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Disclaimer: I received this book for free through the O’Reilly Blogger program. is a very short “book” on RFID (Radio Frequency Identification), a way to tag and identify objects over varying ranges, and how to use Arduino to create a few interesting RFID projects.
The book assumes that you have some experience with Arduino and micro-controllers (i.e., do you know what a breadboard, jumper wires, and circuits are? We start with a very brief introduction to RFID, follow up with two introductory technical tutorials on Arduino, and end with a fairly simple home automation project: Between my officemate and me, we have dozens of devices drawing power in our office: two laptops, two monitors, four or five lamps, a few hard drives, a soldering iron, Ethernet hubs, speakers, and so forth.
If you try something similar with the computer (try leaving the semi-colon off in C or miss an indent in Python, for example), you’ll get a nasty error message.
This book your computer to work with the looser languages used by humans (like English) instead of the stricter counterparts used by machines.
Here are some of the notes I took while reading the book: When you run an Xcode project from a standard (i.e., non-admin) user, you might be asked to enter credentials of a user in the “Developer Tools group.” You can fix this by adding the (current) user to the group: When you purchase something from the Mac App Store, you’ll see a little icon in your dock, but that doesn’t show you the percentage of progress.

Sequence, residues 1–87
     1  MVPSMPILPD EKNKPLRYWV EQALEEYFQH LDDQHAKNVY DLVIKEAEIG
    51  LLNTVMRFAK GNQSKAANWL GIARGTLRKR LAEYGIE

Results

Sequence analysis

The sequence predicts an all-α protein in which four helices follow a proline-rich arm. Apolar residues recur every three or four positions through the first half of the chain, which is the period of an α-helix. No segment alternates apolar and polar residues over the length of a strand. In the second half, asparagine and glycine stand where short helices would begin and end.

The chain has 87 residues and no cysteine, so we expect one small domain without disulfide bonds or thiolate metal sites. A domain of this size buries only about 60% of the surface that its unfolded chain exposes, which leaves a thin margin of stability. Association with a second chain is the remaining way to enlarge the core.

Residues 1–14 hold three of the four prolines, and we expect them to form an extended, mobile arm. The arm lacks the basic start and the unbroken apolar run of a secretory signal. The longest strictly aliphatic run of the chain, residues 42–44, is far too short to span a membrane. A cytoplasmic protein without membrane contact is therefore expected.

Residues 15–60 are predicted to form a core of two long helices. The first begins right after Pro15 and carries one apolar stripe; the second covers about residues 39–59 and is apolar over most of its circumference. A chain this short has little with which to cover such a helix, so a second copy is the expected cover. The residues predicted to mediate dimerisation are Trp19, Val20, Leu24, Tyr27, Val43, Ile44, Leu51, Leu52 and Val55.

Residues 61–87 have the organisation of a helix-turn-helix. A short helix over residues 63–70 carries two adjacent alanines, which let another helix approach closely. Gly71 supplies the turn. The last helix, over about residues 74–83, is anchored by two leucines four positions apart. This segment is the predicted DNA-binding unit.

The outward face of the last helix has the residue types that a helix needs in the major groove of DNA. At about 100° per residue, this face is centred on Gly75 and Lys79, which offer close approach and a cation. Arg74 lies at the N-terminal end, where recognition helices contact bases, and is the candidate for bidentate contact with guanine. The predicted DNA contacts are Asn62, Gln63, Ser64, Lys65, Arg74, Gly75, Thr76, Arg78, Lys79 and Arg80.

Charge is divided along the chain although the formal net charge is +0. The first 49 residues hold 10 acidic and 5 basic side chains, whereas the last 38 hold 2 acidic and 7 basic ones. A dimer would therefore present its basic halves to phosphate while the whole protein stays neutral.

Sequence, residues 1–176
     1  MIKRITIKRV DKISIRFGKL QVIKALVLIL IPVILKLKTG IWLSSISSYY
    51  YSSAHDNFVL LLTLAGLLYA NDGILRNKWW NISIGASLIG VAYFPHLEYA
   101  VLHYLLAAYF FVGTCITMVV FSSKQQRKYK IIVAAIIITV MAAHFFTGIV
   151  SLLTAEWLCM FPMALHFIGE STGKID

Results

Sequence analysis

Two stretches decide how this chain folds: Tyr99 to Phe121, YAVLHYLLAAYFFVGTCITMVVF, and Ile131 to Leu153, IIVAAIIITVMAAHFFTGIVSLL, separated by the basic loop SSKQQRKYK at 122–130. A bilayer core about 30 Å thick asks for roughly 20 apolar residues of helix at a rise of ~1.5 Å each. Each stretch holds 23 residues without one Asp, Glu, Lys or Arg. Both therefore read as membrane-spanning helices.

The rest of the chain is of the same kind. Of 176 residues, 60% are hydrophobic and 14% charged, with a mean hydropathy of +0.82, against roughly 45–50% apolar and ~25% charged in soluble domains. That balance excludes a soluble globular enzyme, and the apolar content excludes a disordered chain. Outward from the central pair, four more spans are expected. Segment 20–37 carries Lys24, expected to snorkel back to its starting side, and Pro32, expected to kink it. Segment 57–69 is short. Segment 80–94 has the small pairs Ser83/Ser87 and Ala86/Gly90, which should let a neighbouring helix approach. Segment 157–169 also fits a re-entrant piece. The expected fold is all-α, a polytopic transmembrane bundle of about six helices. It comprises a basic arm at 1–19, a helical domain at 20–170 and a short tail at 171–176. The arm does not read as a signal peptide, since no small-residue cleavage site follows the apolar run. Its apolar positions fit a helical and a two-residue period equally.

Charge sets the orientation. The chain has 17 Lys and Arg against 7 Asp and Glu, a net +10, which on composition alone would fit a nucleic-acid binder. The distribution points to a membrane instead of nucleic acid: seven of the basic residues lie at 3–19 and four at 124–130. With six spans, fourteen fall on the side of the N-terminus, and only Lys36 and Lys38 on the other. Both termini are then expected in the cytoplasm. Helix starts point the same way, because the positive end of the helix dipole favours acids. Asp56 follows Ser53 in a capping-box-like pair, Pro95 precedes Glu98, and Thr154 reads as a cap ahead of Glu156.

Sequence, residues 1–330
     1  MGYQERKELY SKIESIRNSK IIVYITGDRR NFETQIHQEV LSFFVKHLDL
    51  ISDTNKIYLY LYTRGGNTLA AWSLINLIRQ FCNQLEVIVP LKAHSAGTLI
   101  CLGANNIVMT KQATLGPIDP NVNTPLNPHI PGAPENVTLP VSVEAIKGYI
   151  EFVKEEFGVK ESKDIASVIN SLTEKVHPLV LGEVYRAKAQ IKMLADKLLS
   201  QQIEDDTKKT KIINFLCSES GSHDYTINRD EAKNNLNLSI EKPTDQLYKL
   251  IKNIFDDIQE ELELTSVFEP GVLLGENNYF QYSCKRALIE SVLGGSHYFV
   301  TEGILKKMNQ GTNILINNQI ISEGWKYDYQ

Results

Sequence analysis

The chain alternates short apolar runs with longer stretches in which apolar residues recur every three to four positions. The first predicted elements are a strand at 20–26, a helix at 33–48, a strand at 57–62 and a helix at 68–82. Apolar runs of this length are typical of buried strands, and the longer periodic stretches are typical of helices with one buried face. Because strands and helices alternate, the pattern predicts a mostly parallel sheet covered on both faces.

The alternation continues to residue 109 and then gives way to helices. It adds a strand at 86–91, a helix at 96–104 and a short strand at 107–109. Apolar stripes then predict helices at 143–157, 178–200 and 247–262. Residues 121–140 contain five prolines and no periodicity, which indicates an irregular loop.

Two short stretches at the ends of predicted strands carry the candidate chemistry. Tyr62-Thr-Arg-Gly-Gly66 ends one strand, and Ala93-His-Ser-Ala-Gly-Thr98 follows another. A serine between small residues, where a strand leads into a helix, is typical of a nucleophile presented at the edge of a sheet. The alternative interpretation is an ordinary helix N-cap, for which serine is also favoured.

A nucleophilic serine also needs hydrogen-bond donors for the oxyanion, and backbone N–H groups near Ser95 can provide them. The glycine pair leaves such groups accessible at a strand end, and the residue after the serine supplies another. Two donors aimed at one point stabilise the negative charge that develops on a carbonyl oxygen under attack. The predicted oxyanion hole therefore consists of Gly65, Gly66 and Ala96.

The icon is small, and the progress bar seems to remain blank for a long time for bigger downloads.
You’ll also hear about the challenges and successes of three producers who are marketing organic, value-added products.
Speakers: Kathryn Lukas, Farmhouse Culture; Megali Brecke, Kitchen Witch; Jenna Muller, Full Belly Kitchen; Danielle Shaeffer, New Leaf Community Markets; Merrilee Olson, Preserve Farm Kitchen; Shermain Hardesty, UC Small Farm Program; and Erin Di Caprio, UC Davis Food Science Department. The workshop registration fee includes an organic lunch. Contact Shermain Hardesty, workshop organizer, regarding questions about the workshop content.
was incorporated as a not-for-profit research organization in 1964.